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Surely, with all the advances in the study of human anatomy, an organ couldn’t avoid detection. Yet biologists think they’ve discovered a new one. They’re calling it the interstitium.
The interstitium isn’t invisible or tiny. In fact, it’s pretty large and extends throughout the whole body. But biologists just thought of it as a dense part of connective tissue—the tough tissue that surrounds muscles and holds organs in place. A new imaging technique, however, has shown that this “wall” of tissue actually contains many fluid-filled spaces that cushion organs and transport fluids throughout the body. They missed the fluid-filled spaces before now because in preparing tissues for microscope slides, they drained the fluid away and the spaces collapsed.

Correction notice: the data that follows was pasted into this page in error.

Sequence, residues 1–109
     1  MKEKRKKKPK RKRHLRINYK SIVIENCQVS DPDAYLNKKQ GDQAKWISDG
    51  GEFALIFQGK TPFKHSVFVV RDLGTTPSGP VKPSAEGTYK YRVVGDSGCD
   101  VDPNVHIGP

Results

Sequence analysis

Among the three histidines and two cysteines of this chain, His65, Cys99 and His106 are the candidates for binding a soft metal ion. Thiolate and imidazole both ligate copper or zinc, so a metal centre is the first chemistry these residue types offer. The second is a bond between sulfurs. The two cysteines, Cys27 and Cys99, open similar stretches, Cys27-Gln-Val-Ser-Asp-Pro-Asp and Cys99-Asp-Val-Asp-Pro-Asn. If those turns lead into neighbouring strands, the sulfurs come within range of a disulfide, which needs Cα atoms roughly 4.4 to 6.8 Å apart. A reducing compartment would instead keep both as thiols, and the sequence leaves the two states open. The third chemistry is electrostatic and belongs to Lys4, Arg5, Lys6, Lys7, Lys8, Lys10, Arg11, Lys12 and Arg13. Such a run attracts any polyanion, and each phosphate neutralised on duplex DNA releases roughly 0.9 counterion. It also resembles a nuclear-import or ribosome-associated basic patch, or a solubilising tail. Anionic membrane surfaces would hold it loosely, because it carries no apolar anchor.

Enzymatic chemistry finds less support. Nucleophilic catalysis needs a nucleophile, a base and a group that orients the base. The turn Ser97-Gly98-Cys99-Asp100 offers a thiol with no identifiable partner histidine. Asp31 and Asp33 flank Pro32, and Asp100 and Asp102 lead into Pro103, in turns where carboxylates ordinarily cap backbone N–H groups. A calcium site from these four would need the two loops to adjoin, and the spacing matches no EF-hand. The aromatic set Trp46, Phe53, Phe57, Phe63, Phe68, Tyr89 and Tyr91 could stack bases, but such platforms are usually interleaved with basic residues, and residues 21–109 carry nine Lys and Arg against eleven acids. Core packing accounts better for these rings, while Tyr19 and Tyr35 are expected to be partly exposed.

The discovery of the spaces, which may contain as much as one-third of all the body’s water, offers many avenues for new medical discoveries, including clues to how some cancers spread. As King David remarked three millennia ago, we are truly “fearfully and wonderfully made”—and we’ll never reach the end of discovering God’s ingenuity and creativity, no matter how long we study.
This article was taken from Answers magazine, July–September, 2018, 33.